DTE Energy is a Detroit, Michigan-based utility company that provides residential and commercial electric and natural gas. Where I’m located, they are the natural gas company we use to heat our homes. Like many other companies, DTE offers a convenient mobile app that lets you pay your utility bill, view your billing statement, and report utility emergencies in your area.
My buddy Ryan Griffin, who assisted in finding and disclosing the vulnerability to DTE, used this app to pay his gas bill and we sat down one night to figure out how it worked. Using Burp Suite, we intercepted the requests being made from the app.
The “View Billing Statement” button in the mobile app brought up the statement in a pdf document , just like the one that comes in the mail. The request looks something like this:
In the GET request to grab the billing statement, there are two numbers in particular that interested us. The first being the account number and the second being the billing statement number. It wasn’t hard to identify each one, as they were both included in the billing statement itself. For this write-up we have blurred out all but the last four digits of each to respect everyone’s privacy.
A normal request will pull up a familiar billing statement with information like this:
The billing statements contain personal information including first and last name, full address, account number, billing statement number, and other goodies.
So how is this exploited? Lets see if the request is vulnerable to insecure direct object references! The screenshots below are from the proof of concept video we sent DTE.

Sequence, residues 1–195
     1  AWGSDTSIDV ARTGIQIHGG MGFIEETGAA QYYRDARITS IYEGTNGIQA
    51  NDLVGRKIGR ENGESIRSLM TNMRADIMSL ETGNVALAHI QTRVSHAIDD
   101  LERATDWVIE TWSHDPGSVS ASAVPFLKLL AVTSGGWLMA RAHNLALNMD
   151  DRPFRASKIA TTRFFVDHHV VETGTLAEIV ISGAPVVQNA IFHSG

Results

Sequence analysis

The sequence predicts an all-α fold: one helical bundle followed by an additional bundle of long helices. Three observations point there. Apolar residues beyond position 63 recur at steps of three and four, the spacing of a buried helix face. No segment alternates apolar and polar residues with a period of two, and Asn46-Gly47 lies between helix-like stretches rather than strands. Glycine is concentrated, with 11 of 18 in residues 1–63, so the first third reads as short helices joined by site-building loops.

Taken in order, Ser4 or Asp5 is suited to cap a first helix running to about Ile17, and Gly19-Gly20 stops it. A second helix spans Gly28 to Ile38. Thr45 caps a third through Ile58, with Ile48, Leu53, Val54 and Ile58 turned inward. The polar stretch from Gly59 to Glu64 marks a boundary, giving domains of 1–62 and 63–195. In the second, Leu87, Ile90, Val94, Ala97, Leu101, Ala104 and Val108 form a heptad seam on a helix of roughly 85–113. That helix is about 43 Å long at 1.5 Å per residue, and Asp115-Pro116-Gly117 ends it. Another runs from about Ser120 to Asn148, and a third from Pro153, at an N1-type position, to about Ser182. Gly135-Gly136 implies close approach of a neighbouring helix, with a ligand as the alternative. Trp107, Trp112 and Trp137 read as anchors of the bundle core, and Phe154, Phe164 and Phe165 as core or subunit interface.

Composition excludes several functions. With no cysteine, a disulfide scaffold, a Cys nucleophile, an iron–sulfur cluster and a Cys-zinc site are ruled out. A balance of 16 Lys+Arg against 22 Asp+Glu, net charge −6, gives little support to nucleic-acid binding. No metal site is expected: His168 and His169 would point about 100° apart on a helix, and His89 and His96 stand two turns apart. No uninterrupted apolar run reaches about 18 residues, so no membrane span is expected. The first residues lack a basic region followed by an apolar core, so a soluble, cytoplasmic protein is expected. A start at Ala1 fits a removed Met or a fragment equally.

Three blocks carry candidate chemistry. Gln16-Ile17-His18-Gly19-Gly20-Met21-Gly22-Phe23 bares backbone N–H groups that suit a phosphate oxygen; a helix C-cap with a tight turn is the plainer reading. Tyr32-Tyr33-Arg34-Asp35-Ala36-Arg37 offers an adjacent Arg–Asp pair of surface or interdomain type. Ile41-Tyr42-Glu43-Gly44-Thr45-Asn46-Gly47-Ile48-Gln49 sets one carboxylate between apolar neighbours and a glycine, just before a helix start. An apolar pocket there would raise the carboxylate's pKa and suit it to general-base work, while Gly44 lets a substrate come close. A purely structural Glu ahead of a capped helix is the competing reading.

With permission from Ryan’s parents, we were given access to their DTE account to use as a second set of valid account and statement numbers. We tried the request again, this time swapping Ryan’s billing statement number in our original request with his parent’s. Notice the account number in the request is still Ryan’s account.
His mom’s bill.
After we discovered the vulnerability, we compiled a proof of concept video detailing the discovery. We reached out to firstname.lastname@example.org, and also over LinkedIn to a few of the higher up IT and InfoSec professionals. We were contacted back the very next day by Don VanDePutte, Senior IT Security Engineer at DTE. He was very professional and notified the appropriate individuals immediately. DTE was very quick in fixing this vulnerability and didn’t waste time, rolling out a patch in less than a week.
6/9/2015: Attempted contact via LinkedIN and email@example.com
6/10/2015: Received reply back from Don VanDePutte, Senior IT Security Engineer, requesting PoC
6/10/2015: Sent PoC via email to Don
6/10/2015: Received acknowledgment back regarding PoC with appropriate individuals notified
6/15/2015: Received update that the vulnerability has been patched
6/15/2015: Fix Confirmed
A special thanks goes out to DTE Energy for fast communication and quickly patching the vulnerability, Ryan Griffin for helping me find the vulnerability, Ryan’s Parents for giving permission to use their account, and to Randy Westergren for inspiring me to make a blog like his.